DOUG VARONE AND DANCERS performs a body of work heralded by critics as "among the most compelling in the contemporary repertory.” The Company celebrates its 20th Anniversary season with its creative momentum in high gear. In addition to concert tours throughout the U.S., a New York City season at the Joyce Theater in October (which featured new works and repertory classics) our 2006-2007 season will include performances of Dense Terrain, an evening-length dance/opera with an original score by art-rock and film composer Nathan Larson. Dense Terrain will make its New York premiere at the Brooklyn Academy of Music in May of 2007. Our 20th anniversary celebration concludes with the premiere of a new dance to music by Jake Shimabukuro, commissioned by the Wolf Trap Foundation for the Performing Arts. It will premiere at Wolf Trap's Filene Center in the summer of 2007.
From its first performances at PS 122 in 1986, Doug Varone and Dancers has earned worldwide praise performing at major venues and festivals at home and abroad including: The Kennedy Center; Lincoln Center; London's Queen Elizabeth Hall; Moscow's Stanislavsky Theater; The Venice Biennale; and the Tokyo, Jacob's Pillow, and American Dance Festivals.
Doug Varone's unique artistic output has earned the company numerous honors including 8 New York Dance and Performance Awards (Bessies), the American Dance Festival's Doris Duke Award for New Work, and three National Dance Project Awards. The company's dances have been commissioned by such leading institutions as Jacob's Pillow, The Joyce Theater, Whitebird (Portland, OR), the Carlsen Center (Overland, KS), the Clarice Smith Center for the Performing Arts (College Park, MD), Summerdance, Santa Barbara and the Wolf Trap Foundation for the Performing Arts.
From acclaimed repertory dances to the site-specific Neither (2000) at the Lower Eastside Tenement Museum, to Le Sacre du Printemps (2003) at New York's Metropolitan Opera, the Company’s varied works and projects reflect Varone’s inimitable choreographic signature. The wide array of work the company creates encompasses such ground-breaking multi-media dances as Ballet Mécanique (2001), set to George Antheil's iconoclastic score from 1925, and the poignant rural portrait, The Bottomland (2002), filmed in the Mammoth Caves of Kentucky; the sweeping excitement of Rise (1993), set to John Adams’ Fearful Symmetries, and the intimate, gestural miniature Short Story (2001).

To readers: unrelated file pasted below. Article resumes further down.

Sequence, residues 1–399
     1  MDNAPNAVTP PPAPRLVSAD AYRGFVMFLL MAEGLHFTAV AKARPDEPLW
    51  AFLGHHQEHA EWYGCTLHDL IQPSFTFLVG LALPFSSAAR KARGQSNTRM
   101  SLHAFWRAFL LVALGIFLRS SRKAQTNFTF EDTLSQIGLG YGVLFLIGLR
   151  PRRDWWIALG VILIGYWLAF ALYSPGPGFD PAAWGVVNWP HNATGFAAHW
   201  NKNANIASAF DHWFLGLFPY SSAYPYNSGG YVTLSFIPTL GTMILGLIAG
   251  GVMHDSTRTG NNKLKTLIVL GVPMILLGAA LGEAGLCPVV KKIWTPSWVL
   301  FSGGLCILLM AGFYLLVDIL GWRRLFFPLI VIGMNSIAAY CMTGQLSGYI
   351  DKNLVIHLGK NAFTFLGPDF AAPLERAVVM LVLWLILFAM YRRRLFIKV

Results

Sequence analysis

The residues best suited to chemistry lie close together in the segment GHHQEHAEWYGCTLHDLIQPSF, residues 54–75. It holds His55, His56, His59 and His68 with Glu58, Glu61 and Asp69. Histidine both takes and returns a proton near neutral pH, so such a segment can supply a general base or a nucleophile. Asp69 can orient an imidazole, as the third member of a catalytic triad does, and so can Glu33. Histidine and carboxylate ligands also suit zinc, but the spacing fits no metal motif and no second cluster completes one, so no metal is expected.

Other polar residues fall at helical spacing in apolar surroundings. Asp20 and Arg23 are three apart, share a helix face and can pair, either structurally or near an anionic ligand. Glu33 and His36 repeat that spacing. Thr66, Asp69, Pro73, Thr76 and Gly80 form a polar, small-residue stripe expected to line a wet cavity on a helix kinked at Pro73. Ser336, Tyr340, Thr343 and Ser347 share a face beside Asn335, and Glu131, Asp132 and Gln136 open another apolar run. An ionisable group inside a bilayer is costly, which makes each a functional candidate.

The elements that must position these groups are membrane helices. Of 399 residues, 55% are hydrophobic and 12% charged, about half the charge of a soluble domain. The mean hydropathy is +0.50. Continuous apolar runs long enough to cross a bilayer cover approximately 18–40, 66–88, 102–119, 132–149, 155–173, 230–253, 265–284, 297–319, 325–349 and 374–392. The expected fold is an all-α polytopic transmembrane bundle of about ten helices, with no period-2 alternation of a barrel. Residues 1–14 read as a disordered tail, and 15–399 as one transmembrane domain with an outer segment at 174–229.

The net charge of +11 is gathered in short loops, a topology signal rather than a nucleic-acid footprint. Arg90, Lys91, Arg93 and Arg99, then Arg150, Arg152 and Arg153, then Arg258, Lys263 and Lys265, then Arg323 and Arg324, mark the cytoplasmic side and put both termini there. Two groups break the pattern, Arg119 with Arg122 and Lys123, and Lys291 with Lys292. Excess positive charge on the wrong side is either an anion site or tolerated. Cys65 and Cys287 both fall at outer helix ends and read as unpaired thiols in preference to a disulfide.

In recent years the Company has partnered with opera companies and presenters to bring a new dynamism to the staging of opera, theater and song-cycles. Last season the Company partnered with Lincoln Center on the world premiere of composer Ricky Ian Gordon’s Orpheus and Euridice for the Great Performers and American Songbook series (Elizabeth Futral, soprano) and the Aquila Theatre Company on H.G. Wells' The Invisible Man. In the spring of 2006, we partnered with Minnesota Opera on the American premiere of Laurent Petitgirard's Joseph Merrick: The Elephant Man. Varone was the director and choreographer for these diverse productions.
Internationally renowned for its superb teaching abilities, the company has taught extensively in the United States and abroad, serving frequently on the faculties of the major U.S. dance festivals. Its annual summer workshop is among the most popular and highly-respected in the field. The Company’s eighth annual three-week workshop will take place in June 2007, at the Purchase College Conservatory of Dance in Purchase, New York.